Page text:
Last year's war between the authors of Bagle and Netsky hobbled many an IT shop -- both sides pumping out multiple variants of their worms each week for a time. The last thing network administrators need now is for these malicious scribes to kiss and team up.
Unfortunately, that's exactly what seems to be happening, according to Russian antivirus firm Kaspersky Lab. What's worse is that Zafi's creator and others may be joining them.
IT professionals worry it's another sign malware writers will stop at nothing to cripple their networks and steal vital data.
"When it comes to the e-mail threats, we're well protected," said Adam Nunn, security and corporate compliance manager for Province Healthcare in Brentwood, Tenn. "E-mail security has gotten pretty good. It's the other attack vectors that worry me, like instant messaging."
He cited the Fatso and Kelvir worms as examples. Both have exploited MSN Messenger in the past week.
Tom Kroll, network systems and security administrator for Chicago-based law firm Hinshaw & Culbertson, doesn't worry about most e-mail worms because his shop has layered security and uses Lotus Notes, which isn't compatible with the likes of Bagle. But he's concerned by the increase in backdoor programs that can open networks to real damage down the road.
"There's always something new out there," he said. "IM malware is a fear. You can go to safe-looking Web sites and still get hit with something. Six months from now we can have IM locked down pretty well and something new will appear."
If worm writers are working together, both agreed anything's possible. Not good when you look at what's already out there.
"Put a machine up without antivirus or a firewall and it's loaded with malware after a couple of days," Kroll said. "You can still catch Melissa. All the old stuff is still out there."
Shane Coursen, senior technology consultant for Kaspersky Lab's U.S. branch, said the worm authors probably belong to an underground group. They may not know each other personally, but they're sharing the same data.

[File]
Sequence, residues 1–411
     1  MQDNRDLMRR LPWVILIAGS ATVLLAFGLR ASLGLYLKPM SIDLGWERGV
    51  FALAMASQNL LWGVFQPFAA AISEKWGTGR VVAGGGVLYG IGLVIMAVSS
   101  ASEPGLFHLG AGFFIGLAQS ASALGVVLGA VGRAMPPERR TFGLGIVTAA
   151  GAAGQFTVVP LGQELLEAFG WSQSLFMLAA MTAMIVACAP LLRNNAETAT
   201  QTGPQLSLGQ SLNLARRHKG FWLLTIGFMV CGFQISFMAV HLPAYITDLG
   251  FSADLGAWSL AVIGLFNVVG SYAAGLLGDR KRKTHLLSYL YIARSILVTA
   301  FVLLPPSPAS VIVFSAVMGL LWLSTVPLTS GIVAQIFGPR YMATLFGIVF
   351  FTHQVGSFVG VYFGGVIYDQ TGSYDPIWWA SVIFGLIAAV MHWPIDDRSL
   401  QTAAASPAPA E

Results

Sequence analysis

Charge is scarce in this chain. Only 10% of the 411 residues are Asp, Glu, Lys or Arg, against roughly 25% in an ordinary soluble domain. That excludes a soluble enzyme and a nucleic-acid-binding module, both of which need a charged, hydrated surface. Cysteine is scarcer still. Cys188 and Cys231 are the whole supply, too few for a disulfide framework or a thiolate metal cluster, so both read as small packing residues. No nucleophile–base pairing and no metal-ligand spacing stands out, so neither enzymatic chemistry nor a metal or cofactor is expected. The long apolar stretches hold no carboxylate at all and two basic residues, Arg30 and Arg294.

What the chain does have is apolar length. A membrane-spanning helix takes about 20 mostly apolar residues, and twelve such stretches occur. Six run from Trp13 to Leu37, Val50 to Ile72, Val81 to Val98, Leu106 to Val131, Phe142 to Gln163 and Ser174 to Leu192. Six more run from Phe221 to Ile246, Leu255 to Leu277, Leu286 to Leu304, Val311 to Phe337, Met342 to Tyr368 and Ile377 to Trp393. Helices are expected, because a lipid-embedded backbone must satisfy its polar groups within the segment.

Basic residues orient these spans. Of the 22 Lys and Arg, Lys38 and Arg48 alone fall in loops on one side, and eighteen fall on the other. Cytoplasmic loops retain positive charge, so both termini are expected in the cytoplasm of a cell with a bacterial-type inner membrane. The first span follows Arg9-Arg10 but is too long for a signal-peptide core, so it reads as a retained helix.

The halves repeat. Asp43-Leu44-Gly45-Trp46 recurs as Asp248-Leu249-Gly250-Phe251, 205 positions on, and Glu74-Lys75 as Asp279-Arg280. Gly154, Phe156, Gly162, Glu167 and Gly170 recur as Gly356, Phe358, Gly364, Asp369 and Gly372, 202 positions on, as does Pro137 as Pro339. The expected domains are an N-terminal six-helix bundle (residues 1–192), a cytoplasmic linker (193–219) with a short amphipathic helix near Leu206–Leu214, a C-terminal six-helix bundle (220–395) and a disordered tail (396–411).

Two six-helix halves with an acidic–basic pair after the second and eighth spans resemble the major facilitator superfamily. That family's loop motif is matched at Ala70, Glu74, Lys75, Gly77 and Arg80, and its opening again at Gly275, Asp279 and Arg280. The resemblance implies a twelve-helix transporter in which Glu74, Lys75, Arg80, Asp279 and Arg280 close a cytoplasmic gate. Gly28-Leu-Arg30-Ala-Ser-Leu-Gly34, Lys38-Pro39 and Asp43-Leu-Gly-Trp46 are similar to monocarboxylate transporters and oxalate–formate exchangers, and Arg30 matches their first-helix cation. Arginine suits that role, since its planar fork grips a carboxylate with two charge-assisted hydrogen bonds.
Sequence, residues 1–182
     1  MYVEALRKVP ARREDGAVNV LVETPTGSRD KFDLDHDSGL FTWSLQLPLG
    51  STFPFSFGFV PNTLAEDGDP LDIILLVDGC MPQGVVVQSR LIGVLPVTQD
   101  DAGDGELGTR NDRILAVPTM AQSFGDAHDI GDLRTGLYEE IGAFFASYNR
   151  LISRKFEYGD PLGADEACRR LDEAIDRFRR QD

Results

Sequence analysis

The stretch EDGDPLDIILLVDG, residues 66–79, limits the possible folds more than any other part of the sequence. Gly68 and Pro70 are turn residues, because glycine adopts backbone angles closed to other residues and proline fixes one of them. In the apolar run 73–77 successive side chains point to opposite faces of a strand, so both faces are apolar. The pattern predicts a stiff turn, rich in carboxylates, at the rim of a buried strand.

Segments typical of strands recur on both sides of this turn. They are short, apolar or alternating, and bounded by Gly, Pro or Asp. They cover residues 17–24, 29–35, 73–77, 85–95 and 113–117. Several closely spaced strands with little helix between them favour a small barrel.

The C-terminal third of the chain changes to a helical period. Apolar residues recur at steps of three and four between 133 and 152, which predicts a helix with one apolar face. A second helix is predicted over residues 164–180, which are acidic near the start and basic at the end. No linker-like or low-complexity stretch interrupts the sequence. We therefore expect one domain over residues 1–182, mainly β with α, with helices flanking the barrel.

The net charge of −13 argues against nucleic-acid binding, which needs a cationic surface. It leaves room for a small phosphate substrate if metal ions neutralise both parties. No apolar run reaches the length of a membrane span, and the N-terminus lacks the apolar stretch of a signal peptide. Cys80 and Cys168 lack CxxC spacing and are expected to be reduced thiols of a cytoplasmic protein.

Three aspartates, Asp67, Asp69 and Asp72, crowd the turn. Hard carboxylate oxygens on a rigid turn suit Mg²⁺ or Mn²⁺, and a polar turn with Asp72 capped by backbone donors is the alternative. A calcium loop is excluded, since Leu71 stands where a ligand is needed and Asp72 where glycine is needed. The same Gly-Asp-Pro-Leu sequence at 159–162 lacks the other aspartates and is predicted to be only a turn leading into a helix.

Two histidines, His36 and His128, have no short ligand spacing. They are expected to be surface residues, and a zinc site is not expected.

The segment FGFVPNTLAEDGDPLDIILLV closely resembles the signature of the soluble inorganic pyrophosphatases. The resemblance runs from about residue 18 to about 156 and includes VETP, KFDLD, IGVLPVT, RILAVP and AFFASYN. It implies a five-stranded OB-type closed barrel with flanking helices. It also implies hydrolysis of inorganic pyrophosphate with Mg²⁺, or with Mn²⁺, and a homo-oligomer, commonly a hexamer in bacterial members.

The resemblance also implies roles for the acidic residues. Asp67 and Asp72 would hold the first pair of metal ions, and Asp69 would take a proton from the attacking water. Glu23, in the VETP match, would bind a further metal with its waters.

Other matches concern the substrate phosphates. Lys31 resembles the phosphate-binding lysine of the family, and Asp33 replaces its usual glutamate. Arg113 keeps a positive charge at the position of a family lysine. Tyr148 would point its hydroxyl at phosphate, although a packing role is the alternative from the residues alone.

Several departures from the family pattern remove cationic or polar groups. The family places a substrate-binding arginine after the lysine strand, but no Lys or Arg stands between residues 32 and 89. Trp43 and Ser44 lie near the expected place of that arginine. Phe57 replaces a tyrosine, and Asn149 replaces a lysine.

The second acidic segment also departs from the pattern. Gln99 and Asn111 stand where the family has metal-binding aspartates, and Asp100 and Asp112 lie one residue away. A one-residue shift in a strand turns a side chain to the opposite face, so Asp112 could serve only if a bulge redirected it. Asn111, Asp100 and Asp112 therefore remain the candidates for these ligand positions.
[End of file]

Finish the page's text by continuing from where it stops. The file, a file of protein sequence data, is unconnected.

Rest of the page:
"If these guys are actually working together and sharing actual ideas, that's problematic," Coursen said. One grim possibility is that they'll put a software system in place allowing disparate worms created by different people to work together. "It could be a system where the parts change all the time, making it hard to defend against," he said.
The lab concluded a malicious alliance had formed after investigating the recent multi-variant Bagle outbreak:
Kaspersky first detected SpamTool.Win32.Small-B, a malicious program that harvests e-mail addresses from infected machines, on Feb. 15. E-mail addresses of antivirus companies are excluded from the list it compiles, Coursen noted. Further analysis revealed the mass mail of this program was a preliminary stage in the March 1 Bagle attack.
In researching the outbreak, analysts concluded the authors of Bagle, Zafi and Netsky and others are working closely together.
Blended security for blended threats
So what do you do when it seems like the bad guys are hell-bent on cracking your defenses? A blended defense is the best way to battle a blended threat.
"You have to stay continually informed of what's out there so you can take the best preventative measures," said Jim Morrison, an independent IT professional based in Ayer, Mass. "You have to make sure your firewalls and antivirus are always updated. You need security on every server and desktop."
It's also crucial to stay on top of the patch management, Nunn said. "That's the best you can do to protect your network against new attack vectors."